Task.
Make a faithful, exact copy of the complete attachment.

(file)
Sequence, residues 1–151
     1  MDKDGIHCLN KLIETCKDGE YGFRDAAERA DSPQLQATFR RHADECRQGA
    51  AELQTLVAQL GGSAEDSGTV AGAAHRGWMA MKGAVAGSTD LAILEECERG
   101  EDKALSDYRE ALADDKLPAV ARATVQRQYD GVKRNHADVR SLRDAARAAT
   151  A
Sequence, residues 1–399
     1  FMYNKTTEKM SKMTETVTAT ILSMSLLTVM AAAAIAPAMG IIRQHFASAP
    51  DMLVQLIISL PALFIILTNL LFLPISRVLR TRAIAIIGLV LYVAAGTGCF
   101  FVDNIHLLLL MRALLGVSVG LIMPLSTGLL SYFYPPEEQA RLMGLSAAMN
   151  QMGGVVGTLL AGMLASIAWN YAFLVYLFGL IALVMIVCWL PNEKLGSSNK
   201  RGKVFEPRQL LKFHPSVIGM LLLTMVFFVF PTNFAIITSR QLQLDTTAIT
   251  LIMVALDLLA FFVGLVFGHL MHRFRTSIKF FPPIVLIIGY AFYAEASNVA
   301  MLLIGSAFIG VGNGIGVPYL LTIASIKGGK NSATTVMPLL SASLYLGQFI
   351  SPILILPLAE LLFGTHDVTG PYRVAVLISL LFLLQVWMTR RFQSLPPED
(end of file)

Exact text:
Sequence, residues 1–151
     1  MDKDGIHCLN KLIETCKDGE YGFRDAAERA DSPQLQATFR RHADECRQGA
    51  AELQTLVAQL GGSAEDSGTV AGAAHRGWMA MKGAVAGSTD LAILEECERG
   101  EDKALSDYRE ALADDKLPAV ARATVQRQYD GVKRNHADVR SLRDAARAAT
   151  A
Sequence, residues 1–399
     1  FMYNKTTEKM SKMTETVTAT ILSMSLLTVM AAAAIAPAMG IIRQHFASAP
    51  DMLVQLIISL PALFIILTNL LFLPISRVLR TRAIAIIGLV LYVAAGTGCF
   101  FVDNIHLLLL MRALLGVSVG LIMPLSTGLL SYFYPPEEQA RLMGLSAAMN
   151  QMGGVVGTLL AGMLASIAWN YAFLVYLFGL IALVMIVCWL PNEKLGSSNK
   201  RGKVFEPRQL LKFHPSVIGM LLLTMVFFVF PTNFAIITSR QLQLDTTAIT
   251  LIMVALDLLA FFVGLVFGHL MHRFRTSIKF FPPIVLIIGY AFYAEASNVA
   301  MLLIGSAFIG VGNGIGVPYL LTIASIKGGK NSATTVMPLL SASLYLGQFI
   351  SPILILPLAE LLFGTHDVTG PYRVAVLISL LFLLQVWMTR RFQSLPPED